One of the first kids I interview today looks familiar. He confirms my suspicion with his first answers. This kid is trying so hard to be “gangsta” that he answers questions with the one word “yeeah”, said with his head cocked, and in a way that comes from his throat, so it sounds more like “Gia”. I remember that from last time. I thought it was dopey then, and he’s confirming, it’s still dopey now. What makes matters worse is that he’s one of the few white kids, so it seems even dopier. I feel bad for this kid. He’s small, and he’s trying too hard. I imagine he gets beat up a lot.

Next up, a pretty pleasant new kid, with a nice word tattoo under his right eye. He’s from north Philly, and we run that down a bit. He has a little experience…but mostly with cutting grass for his dad. Nice enough kid. Probably could do the job. Most employers will likely dismiss him immediately between the juvenile corrections record and the face tattoo. Next.

At that point, the guy running the program walks in my room and tells me who is coming up next. He also informs me that my interviews have been cut from five to four, because my fifth kid just did something out in the staging area to get himself booted from the program. The Instructor never tells me exactly what he did, but he does tell me, “Sometimes these kids will do stuff like this when they get nervous. They will self sabotage to get out of things they are afraid of, or that are unpleasant for them.” The Instructor goes on to tell me, “He interviewed with you last year…and you didn’t give him the job. He thought he interviewed well, and he was surprised.”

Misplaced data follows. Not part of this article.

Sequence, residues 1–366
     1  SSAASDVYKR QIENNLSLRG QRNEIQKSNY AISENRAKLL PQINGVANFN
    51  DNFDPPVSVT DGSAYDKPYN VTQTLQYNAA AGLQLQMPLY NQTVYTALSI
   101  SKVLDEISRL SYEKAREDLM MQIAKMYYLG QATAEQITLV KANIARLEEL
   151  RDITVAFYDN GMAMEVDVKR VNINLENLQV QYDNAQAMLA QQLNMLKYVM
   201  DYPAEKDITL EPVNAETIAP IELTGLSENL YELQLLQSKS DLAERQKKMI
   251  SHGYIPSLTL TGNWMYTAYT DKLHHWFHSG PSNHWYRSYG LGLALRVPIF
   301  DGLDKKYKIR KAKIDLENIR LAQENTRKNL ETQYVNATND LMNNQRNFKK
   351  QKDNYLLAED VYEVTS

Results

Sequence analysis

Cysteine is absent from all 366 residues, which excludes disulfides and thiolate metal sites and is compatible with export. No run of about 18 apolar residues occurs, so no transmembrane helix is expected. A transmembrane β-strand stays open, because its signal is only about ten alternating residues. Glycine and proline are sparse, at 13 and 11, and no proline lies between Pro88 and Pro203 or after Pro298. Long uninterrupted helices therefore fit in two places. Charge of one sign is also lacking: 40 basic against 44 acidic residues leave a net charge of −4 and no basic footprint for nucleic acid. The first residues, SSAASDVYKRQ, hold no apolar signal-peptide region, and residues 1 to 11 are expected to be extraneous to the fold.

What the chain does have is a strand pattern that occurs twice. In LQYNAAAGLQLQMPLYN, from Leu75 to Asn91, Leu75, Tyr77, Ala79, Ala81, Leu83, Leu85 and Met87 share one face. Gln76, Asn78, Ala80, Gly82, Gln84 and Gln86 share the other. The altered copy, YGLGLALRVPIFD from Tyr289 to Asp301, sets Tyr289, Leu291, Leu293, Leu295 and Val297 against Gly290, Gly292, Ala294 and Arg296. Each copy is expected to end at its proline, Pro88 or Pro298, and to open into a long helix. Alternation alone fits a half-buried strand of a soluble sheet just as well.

I might have forgotten to mention that these “interviews” are a competition of sorts. Each interviewer gets to only pick one kid to “employ”. The “winners” gets to have a special pizza lunch with snacks and soda with the Interviewers and the staff in a smaller, more private dining area (read: classroom) while the other kids eat in the main cafeteria as typical. It’s kind of a big deal for the kids, so if you think you are going to win, and don’t…it’s a slight.

Upon this news from the Program Director, I take out that kids sheet from my packet, write a “N.A.” next to his name and say, “No problem. One less.”

I’ve never met my next interviewee. His name is Jose´ (not his real name). He interviews OK. Not great, but he is older, can drive, is a bit more mature than many of the younger guys, and he handles himself pretty well with the basics. And after some probing we discover that he speaks Spanish. In landscaping, being bilingual in Spanish is a big plus, because many of the crews are hispanic. We discuss this fact at some length, and I tell him to make sure any future landscape employers know he is bilingual. I give this advice to this candidate, and to all these kids. I tell them each to try to learn any Spanish they can while they are in… even if it’s just the curse words.

Jose´ finishes up, and the Program Director comes back in the room and tells me that the kid that got himself booted from the program has “gotten ahold of himself”, and wants to know if I’ll interview him? I say, “Sure. Why not? I’m literally a captive audience.”